The Lubows began mixing and matching components and soon had a full line of pedals. They added a volume control to the Adineko plus a wah effect, and soon had the EVO Echo Volume pedal. Substituting their Rotating Sound Synthesizer into the unit, in 1971/’72 they created the RWV Rotating Wah Volume pedal. Retail price was a steep $259.95.

Inside, the Morley was unique. The Cry Baby/Vox wah used a rack-and-pinion gear from the pedal to drive a potentiometer, a setup that became commonplace on the numerous copycats. The Morley, however, used an electro-optical circuit with the pedal operating a shutter that controlled the amount of light from a bulb that reached a Light Dependent Resistor (LDR).

The great advantage of the LDR circuit was doing away with that electromechanical potentiometer. Pots can load a guitar signal, which cuts into the treble sound; the Morley’s LDR retained the full spectrum of a player’s tone. And as pots get dirty over time, their sound gets scratchy – another thing omitted by the LDR circuit.

Still, that little light bulb was one of the few things that would stop working on a Morley. But come on, how many guitarists does it really take to change a light bulb? In addition, Morley pedals were not dependent on a 9-volt battery or wall-wart transformer; Lubow instead designed the effects to run on AC and wired them with a standard cord.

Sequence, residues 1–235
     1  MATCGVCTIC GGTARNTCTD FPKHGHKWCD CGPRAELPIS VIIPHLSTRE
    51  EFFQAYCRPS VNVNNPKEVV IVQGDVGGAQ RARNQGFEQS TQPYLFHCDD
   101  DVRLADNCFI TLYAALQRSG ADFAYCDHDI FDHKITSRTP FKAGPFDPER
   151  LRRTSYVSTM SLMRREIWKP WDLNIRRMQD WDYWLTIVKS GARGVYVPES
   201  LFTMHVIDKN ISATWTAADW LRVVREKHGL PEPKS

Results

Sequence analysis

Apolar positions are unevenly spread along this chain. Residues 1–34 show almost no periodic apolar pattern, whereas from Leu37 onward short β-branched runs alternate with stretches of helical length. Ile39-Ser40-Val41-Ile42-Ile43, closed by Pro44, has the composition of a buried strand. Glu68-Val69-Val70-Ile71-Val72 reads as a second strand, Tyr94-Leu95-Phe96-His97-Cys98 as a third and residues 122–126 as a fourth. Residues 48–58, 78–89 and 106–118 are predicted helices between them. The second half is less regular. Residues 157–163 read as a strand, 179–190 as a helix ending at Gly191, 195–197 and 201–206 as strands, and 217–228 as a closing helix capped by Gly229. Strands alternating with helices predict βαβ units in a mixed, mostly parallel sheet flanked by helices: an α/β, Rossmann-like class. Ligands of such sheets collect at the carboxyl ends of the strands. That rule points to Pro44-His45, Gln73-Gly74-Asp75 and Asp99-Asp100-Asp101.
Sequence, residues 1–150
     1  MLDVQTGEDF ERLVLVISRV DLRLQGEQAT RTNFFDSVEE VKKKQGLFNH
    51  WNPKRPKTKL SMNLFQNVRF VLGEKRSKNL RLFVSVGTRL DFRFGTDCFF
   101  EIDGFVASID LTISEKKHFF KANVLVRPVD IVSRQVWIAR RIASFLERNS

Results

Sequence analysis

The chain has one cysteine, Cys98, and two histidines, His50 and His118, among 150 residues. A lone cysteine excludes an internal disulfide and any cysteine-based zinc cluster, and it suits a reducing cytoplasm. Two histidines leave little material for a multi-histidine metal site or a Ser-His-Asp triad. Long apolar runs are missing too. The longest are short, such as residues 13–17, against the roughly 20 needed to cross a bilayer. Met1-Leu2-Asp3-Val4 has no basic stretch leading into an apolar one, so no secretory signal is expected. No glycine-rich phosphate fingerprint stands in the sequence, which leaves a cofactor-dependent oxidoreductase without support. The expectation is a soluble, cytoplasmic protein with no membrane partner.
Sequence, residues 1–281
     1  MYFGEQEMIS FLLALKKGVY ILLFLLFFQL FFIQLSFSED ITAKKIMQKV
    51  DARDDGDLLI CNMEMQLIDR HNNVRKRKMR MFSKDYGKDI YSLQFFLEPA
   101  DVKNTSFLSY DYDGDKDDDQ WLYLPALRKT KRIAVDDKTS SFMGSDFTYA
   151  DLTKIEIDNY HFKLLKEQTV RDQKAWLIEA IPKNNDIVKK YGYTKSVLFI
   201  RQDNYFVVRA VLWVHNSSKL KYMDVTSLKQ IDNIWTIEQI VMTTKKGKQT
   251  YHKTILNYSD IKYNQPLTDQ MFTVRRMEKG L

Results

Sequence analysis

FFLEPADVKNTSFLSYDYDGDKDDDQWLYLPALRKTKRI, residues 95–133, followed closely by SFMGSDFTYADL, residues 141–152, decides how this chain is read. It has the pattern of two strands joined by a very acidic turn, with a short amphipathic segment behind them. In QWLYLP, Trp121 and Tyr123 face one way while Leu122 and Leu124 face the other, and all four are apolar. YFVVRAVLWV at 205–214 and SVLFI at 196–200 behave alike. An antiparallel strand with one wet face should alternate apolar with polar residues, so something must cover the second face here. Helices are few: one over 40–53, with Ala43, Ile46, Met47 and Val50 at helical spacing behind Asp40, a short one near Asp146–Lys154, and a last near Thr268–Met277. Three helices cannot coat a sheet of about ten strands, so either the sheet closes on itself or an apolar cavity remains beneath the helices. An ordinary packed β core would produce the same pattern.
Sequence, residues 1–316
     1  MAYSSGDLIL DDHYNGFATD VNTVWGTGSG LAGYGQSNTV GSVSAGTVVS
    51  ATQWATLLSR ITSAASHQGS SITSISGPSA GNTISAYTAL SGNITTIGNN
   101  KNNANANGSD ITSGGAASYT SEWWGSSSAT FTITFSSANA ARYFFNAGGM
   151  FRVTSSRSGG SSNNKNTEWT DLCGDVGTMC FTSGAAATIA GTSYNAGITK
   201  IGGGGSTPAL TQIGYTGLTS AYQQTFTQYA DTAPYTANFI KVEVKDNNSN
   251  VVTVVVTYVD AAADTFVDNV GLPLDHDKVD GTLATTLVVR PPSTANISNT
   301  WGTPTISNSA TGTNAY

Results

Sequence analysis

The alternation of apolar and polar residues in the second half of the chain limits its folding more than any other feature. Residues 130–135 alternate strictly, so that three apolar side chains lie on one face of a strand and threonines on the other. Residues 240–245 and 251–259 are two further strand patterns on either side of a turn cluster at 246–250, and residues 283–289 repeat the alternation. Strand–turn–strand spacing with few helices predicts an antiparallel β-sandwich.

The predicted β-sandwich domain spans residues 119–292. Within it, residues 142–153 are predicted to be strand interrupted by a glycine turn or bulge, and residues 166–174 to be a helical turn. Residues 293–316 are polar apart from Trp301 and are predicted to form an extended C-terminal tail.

Morley pedals were big. Darn big. Place an RWV next to a Maestro Fuzz-Tone (reining fuzz driver of the day) and the RWV dwarfs the little fellow. It could even make your Marshall plexi stack feel, um, inadequate.

Throughout the bad ol’ ’70s, the range of Morley pedals kept growing, all with that chrome chassis; there was the WVO Wah Volume, VPFV Phaser Volume Wah, CFL Chorus Flanger, ECV Echo Chorus Vibrato, PFL Flanger, CO Volume Compressor, PWF Power Wah Fuzz, and more. All began life as the plain-old indestructible VOL Volume pedal.

To market their wares, the Lubow brothers hired political cartoonist Hank Hinton to draw the character of one of those real men – the wailing, long-haired ’70s rock guitarist who would soon be building his biceps by touting the Morley Rotating Wah to gigs. “The Morley Man” is still used in the company’s ads.

Plug a natural-finished ’70s Strat – an ideal guitar for the era – into an RWV, and you can began to play with combinations of the effect’s three features – the volume control, wah, and rotating-speaker simulator. But to truly appreciate the RWV, get all three going at once. Turn the Intensity knob, and that little oil can spins for all its worth. The Variation lever adjusts the tone from watery to drought. The sound is a swelling, whacked-out, dreamy voice that instantly turns you into that wailing, long-haired Morley Man. It’s a pure, anti-establishmentarianistic chromed tone.


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This article originally appeared in Vintage Guitar magazine January 2013 issue. All copyrights are by the author and Vintage Guitar magazine. Unauthorized replication or use is strictly prohibited.